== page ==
Analysis of the MIT research reactor fission product and actinide radioactivity inventories
Author(s)Kennedy, William B. (William Blake), 1979-
Analysis of the MITR fission product and actinide radioactivity inventories
Massachusetts Institute of Technology. Dept. of Physics.
Mujid Kaximi and Lin-wen Hu.
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The current analysis of the MITR core radioactivity inventory eliminates unnecessary assumptions made in previous estimates of the inventory, and revises the list of contributory isotopes to include all actinide and fission product isotopes necessary for a proper accident source term calculation. The result is a power-history-dependent inventory that increases with bum-up, and comprises 41 actinide isotopes and 596 fission product isotopes. The analysis uses the ORIGEN2 depletion code to calculate the activity of actinide and fission product isotopes for eight MITR input models at 32 intervals over a period of 5376MWD. The input models simulate a MITR core loaded with high- enrichment, U-Alx cermet fuel or low-enrichment, monolithic U-Mo fuel, and operated at 6MW with a continuous-burn-up or cyclic-burn-up-and-decay power history. Reorganization of the ORIGEN2 output file, and application of an element reduction criterion creates the condensed matrix file for each MITR input model. This file lists the contribution of each isotope to the core radioactivity inventory at each output interval, and is the basis for all inventory analysis. The inventory analysis yields three important conclusions. First, the assumption of an equilibrium inventory of isotopes in the fuel is accurate to within 3% for all time after 10% fuel bum-up, and conservative over the entire fuel cycle. The equilibrium fuel assumption is invalid for the actinides due to a slow rate of inventory growth. Second, the cyclic-bum-up-and-decay power history yields a lower core inventory than the continuous-burn-up power history for both fuel enrichments. The difference is minimized by increasing the ratio of irradiation time to decay time.(cont.) Finally, the analysis indicates that conversion to a U-Mo fuel will produce an actinide inventory 18 times greater than that of the current U-Alx fuel, with no significant change in the fission product inventory. However, the actinide inventory is a small fraction of the fission product inventory. The worst-case core inventory available for release is 2.91 E+7Ci for the high-enrichment fuel, and 2.94E+7Ci for the low-enrichment fuel, with a core loading of 24 elements in each case. The best-estimate core inventory available for release is 2.83E+7Ci, and 2.82E+7Ci respectively, and accounts for typical cyclic operation of the MITR.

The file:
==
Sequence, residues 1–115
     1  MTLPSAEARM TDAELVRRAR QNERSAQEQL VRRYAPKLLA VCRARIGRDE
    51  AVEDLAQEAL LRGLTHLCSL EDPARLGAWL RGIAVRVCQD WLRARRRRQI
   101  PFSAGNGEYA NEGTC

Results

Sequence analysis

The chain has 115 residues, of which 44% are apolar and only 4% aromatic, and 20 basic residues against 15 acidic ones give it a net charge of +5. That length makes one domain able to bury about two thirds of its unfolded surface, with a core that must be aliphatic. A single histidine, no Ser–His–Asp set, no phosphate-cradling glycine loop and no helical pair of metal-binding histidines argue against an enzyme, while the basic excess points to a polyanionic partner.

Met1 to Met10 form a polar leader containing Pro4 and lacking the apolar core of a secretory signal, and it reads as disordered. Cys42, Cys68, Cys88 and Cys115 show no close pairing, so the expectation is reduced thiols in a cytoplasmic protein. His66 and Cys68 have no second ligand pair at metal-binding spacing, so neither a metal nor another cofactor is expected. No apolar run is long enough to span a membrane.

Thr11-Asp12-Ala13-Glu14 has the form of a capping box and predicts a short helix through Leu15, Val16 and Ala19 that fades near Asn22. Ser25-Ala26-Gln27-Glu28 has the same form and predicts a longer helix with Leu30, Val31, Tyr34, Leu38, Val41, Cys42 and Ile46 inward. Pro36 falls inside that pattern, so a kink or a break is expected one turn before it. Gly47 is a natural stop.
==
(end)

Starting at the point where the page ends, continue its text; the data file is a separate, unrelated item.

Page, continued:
Thesis (S.B.)--Massachusetts Institute of Technology, Dept. of Physics, 2004.MIT Institute Archives copy: leaves 92-111 bound in reverse order.Includes bibliographical references (leaf 57).
DepartmentMassachusetts Institute of Technology. Department of Physics
Massachusetts Institute of Technology